Anyone not conforming to these beliefs is "not serious", from a different (socialistic) continent or planet, an enemy of the common good. Roger Yoham, George Will and especially those who profit from it maintain these belief by thinking of the car-based fiasco as something other than what it is. They think of it as the vital fabric of modern America.

Tempe is currently looking at a streetcar line as well. It would be two miles long and run from the lake to Southern Ave. I'd be curious to hear your thoughts.

Regarding using Portland as an example for inspiration: Their light rail and street car systems are great. Easy to get from the airport in to downtown and then around downtown mostly free within the "free zone". MAX (light rail) even has employees stationed at ticket machines at the airport to help with buying a ticket as compared with the world's most confusing ticket machine of BART in the Bay Area.
However...downtown Portland has dealt itself some major problems. The City Council has not come up with a solution to the problem of coping with the homeless who tend to clog sidewalks with aggressive panhandlers and people simply stretched out sleeping. I think part of the homeless problem stems from not enough mental health dollars to help those in need...they have nowhere to go. The Council has also increased parking fees on Sundays which has cut down on weekend shopping. I believe they have also raised overall parking fees. Many retailers are leaving for the suburbs.
Another interesting quirk of Portland is the on-going bicycle/automobile wars. There are bike paths everywhere downtown, almost on every street, and it creates conflict with some motorists including regular bicycle fatalities. Downtown Portland is still a great place to walk around. There's lots to do and it's relatively small.
Being that Tucson is just starting out with their Light Rail they may want to study Portland but possibly more importantly cities around the Southwest. Copy the 16th Street Mall in Denver. LoDo regularly closes off streets for festivals and fairs especially when the weather is good.
And Denver is currently undergoing a massive transportation hub development based at Union Station. All light and heavy rail and the bus system will connect through Union Station. (I guess it would take MAJOR bucks for Phoenix to purchase its own Union Station and put it back in business.)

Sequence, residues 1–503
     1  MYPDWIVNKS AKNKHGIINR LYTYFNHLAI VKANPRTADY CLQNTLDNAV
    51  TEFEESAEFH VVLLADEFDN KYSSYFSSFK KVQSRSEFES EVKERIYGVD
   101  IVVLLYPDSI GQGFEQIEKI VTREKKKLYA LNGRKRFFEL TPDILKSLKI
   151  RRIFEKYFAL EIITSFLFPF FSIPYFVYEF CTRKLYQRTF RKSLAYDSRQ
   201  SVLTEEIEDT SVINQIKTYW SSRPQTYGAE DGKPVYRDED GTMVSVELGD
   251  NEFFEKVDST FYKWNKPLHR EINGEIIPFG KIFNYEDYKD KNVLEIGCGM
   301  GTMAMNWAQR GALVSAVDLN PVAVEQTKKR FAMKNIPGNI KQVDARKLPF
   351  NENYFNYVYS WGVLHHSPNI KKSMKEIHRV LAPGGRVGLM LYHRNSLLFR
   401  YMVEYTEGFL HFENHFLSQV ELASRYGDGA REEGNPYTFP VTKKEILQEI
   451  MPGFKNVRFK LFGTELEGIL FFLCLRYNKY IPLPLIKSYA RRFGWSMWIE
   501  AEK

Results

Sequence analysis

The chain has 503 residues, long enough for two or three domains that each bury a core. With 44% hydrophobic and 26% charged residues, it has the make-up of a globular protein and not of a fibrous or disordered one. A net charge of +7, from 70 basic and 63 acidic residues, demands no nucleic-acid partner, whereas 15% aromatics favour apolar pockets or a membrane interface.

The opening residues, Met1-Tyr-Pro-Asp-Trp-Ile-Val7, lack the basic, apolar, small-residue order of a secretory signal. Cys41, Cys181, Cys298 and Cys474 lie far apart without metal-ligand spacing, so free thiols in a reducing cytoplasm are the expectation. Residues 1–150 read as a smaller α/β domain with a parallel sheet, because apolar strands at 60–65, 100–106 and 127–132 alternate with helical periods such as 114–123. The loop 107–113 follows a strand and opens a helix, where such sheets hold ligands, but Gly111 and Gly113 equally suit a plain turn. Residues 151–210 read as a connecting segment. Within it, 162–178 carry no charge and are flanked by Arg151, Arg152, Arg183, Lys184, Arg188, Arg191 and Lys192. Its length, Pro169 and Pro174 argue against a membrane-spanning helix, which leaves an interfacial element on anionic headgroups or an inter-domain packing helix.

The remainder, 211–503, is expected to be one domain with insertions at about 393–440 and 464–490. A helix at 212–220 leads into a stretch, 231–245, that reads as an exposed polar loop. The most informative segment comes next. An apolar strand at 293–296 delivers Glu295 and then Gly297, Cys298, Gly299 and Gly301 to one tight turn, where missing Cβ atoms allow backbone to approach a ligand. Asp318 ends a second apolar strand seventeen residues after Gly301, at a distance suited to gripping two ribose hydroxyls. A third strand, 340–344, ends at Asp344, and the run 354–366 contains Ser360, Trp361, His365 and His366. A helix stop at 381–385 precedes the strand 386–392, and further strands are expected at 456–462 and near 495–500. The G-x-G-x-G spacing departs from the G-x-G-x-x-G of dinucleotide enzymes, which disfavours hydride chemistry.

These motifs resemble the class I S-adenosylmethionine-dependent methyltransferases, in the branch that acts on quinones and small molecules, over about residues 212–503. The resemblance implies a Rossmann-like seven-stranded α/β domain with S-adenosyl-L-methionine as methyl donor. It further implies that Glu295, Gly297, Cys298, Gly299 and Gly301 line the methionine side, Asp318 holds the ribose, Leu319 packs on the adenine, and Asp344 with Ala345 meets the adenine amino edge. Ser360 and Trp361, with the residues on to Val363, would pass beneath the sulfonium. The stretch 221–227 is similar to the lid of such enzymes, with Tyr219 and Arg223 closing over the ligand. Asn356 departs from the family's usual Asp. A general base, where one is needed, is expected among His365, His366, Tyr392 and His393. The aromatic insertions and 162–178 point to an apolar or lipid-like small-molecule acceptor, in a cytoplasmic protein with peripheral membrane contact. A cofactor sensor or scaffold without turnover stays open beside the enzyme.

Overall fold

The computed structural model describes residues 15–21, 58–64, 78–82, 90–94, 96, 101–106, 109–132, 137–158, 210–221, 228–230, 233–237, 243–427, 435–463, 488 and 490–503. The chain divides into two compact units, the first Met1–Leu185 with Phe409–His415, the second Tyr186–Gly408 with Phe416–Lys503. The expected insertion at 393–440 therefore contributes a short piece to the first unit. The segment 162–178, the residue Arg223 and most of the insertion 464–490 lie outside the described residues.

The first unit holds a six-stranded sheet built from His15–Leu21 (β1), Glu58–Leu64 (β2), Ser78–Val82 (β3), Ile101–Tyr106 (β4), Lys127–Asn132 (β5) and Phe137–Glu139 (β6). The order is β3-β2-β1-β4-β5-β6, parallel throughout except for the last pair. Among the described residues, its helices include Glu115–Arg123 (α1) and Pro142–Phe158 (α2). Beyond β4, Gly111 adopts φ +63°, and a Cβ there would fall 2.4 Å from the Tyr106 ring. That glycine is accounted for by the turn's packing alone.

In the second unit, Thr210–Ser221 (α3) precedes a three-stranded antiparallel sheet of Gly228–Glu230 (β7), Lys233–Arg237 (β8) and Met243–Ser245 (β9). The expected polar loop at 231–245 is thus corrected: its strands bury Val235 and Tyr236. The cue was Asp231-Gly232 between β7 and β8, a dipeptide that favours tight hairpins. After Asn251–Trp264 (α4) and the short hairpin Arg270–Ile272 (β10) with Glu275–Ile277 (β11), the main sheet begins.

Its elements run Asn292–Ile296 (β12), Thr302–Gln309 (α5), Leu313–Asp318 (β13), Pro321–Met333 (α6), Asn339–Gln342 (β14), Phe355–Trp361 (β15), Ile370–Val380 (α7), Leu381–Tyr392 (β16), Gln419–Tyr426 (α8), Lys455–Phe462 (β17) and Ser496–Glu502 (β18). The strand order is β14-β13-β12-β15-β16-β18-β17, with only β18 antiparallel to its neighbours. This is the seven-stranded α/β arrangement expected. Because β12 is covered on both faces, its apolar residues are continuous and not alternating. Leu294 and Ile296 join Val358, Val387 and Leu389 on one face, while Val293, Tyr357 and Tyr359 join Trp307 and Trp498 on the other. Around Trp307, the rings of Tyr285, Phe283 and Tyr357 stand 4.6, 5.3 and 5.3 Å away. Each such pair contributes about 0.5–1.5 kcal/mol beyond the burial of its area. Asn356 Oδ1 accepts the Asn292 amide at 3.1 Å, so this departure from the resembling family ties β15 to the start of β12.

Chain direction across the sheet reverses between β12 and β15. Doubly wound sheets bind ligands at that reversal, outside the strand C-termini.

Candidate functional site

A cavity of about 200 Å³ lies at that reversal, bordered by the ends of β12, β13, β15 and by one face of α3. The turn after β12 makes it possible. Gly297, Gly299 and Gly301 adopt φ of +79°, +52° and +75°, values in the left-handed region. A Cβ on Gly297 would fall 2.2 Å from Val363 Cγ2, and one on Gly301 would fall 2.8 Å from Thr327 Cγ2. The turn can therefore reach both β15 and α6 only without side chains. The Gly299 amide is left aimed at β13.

I've only been to Tucson once but it seems to me they have a golden opportunity to "get it right".

Midwesterns will continue to flock to Arizona for their retirement. After forty-five years of living the life they have been told to live, Arizona will be their lifetime adventure. The connection is too great and the migrants remain oblivious to Arizona issues or the effect their collective migration has had on the state. Most wouldn't care in any event.

Accepting Arizona's fate, I've encourage them whenever possible to check out Tucson instead of metropolitan Phoenix. Tucson really has the potential to become a mega-sized Sun City. The number of brown skinned people presents a potential marketing problem, but walled retirement developments could ease their discomfort with cultures different from back home in small town or suburbia Midwest.

A poster child for the mentality that is overwhelming Arizona is the governor of Wisconsin Scott Walker. He ran on not accepting an $800 million dollar grant to construct a train between the two largest cities in the state. Recurring yearly costs to the state were $7 million for employees. The Economist magazine, a promoter of market solutions, even questioned the analysis. The majority voters there, and future Arizonans, had no problem with electing Walker with the "No Train" platform.

Arizona's future is a dumping ground for those possessing this mentality. It may also soon serve as a dumping ground for the country's nuclear waste by invitation from the state's legislators.